Mongolia Looks to Casinos to Boost Tourism Industry1 month ago
Mongolia is once again rolling the dice in the hope of establishing its first casino in more than two decades. The country, largely dependent on mining, is looking for ways to diversify its economy and boost growth as it faces headwinds, including a 22% loss in the value of its currency over the past 12 months and a drop in GDP to 2.5% after being in double digits just a decade ago.
A brief search for casino free bets for the UK 2023 will yield plenty of results today but Mongolia doesn’t feature much at all. With a casino bill passing through various parliament committees, the Mongolian government is excited at the possibility of the country becoming a new casino tourism destination.
Could Mongolia Become a New Casino Tourism Destination?The Mongolian government has declared the years 2023-2025 as the “years to visit” Mongolia and is pushing for the casino concept as a way to attract foreign visitors to make bets on slot machines and at poker tables after visiting the open steppes of the Mongolian countryside.
As a growing number of Asian countries opened casinos over the past two decades, mainly catering to Chinese gamblers, Mongolia started to take notice. The Philippines, Singapore, Cambodia, and Malaysia are just a few of the countries that have gone down the casino route to boost revenue.
However, there are concerns about the social impacts of gambling and the government’s decision to ban Mongolian citizens from entering casinos in their own country. This provision is similar to restrictions in Monaco and South Korea, where citizens are banned in all but one of its 23 casinos.
This restriction has been met with criticism from some, who argue that it may conflict with the country’s constitution and be discriminatory. However, Bolortuya Ulziibat, managing partner at Ulaanbaatar-based Tsogt & Nandin law firm, believes that most Mongolians may actually support the restriction, as casinos have had a negative reputation in Mongolia since the late 1990s and the public remains sceptical of legalised gambling.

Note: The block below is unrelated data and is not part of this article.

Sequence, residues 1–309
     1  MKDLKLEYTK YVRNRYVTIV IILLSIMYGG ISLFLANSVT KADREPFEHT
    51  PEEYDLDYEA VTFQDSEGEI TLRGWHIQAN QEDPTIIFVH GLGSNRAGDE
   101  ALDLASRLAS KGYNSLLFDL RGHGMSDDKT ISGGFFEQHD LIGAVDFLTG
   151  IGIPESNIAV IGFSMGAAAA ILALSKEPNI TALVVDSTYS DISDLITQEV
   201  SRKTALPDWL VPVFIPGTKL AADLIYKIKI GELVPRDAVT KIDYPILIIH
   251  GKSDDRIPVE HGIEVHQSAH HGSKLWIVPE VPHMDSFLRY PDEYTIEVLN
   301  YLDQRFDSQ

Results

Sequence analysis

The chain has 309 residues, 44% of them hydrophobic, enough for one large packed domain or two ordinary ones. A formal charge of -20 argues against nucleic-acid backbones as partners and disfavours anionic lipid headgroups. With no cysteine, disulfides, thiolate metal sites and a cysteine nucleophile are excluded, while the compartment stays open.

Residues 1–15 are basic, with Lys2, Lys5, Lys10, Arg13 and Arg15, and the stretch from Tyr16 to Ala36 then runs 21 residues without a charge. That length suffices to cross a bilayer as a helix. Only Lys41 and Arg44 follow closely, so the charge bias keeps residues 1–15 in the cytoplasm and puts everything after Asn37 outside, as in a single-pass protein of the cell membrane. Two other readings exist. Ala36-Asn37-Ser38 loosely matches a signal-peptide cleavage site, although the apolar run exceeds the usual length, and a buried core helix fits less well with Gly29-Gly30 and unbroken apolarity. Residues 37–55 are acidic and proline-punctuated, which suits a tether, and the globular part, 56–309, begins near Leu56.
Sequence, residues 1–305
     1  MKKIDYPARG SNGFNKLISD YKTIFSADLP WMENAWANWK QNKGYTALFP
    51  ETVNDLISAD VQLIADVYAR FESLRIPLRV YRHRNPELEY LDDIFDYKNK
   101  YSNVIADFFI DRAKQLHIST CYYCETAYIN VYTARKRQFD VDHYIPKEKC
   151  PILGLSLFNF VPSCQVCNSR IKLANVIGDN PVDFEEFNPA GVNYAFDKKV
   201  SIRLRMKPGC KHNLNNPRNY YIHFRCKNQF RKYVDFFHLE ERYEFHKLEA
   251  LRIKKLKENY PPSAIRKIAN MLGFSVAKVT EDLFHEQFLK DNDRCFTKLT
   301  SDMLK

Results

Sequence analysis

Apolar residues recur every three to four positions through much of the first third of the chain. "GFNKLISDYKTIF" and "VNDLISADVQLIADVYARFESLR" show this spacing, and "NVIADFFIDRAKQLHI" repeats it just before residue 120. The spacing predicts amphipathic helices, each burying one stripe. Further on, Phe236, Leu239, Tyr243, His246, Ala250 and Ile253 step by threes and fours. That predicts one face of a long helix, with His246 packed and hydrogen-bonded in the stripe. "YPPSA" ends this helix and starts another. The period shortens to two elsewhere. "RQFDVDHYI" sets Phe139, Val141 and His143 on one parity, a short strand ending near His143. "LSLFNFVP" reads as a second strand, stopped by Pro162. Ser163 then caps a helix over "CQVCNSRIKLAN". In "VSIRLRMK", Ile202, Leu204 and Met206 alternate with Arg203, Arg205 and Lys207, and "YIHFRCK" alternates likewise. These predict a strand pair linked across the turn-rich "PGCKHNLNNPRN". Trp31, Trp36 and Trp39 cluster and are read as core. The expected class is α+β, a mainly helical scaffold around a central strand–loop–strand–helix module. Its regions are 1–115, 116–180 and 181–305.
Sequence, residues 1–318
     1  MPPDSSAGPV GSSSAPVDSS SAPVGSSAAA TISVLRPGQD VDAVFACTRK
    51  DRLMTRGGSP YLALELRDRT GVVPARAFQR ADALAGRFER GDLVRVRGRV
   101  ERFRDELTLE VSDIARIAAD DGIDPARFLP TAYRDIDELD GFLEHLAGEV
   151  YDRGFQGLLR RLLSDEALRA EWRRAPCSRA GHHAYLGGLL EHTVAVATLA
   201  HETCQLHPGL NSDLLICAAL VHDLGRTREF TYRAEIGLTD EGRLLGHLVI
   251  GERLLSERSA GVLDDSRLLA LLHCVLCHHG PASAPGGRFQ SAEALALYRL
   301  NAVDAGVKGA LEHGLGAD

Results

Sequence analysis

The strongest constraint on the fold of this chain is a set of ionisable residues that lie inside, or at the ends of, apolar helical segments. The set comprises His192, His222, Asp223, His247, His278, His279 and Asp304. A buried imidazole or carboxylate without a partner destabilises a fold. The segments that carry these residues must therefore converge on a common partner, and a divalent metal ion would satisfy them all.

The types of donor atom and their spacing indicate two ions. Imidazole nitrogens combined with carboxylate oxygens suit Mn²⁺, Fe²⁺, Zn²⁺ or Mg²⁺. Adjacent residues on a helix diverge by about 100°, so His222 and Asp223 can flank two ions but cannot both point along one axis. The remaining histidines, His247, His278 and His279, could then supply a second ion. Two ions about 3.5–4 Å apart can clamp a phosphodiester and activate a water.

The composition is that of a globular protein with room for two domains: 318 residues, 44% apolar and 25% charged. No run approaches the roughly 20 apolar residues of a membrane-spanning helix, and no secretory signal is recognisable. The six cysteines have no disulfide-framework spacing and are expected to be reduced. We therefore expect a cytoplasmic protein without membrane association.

If passed, the new law would allow authorities to issue casino operating licenses for 30 years, with half of the casino shares required to be transferred to the government upon expiration of the license. The operator’s license can then be extended an additional 10 years, but the law would prohibit the transfer of a casino license to another company after it has been issued.
Massive InvestmentThe minimum investment required by the government is $300 million, which would provide a much-needed boost to the country’s tourism sector. Mongolia would apply a tax rate of 40% on profits, equal to what is currently required of casinos in Macau, with a portion of the revenues going back into tourism development with all transactions passing through Mongolian banks.
The plan is to set up a 1,000-hectare free trade zone in Khushigt Valley, next to New Ulaanbaatar International Airport. The zone, set up last year and approved by Parliament, is located 50 km south of the capital and protects whoever jumps in first, allowing that operator a five-year monopoly before licenses would be made available to other companies.
Zolbayar Enkhbaatar, editor-in-chief of the financial newsletter Inside Mongolia, batted away criticism by arguing that casinos will help boost the economy and previous failures to pass a casino law should not deter legislators. With a majority of members in the Standing Committee supporting the motion to continue discussions of the law in Parliament, Mongolia is betting big on casinos as a path towards economic growth and diversification.
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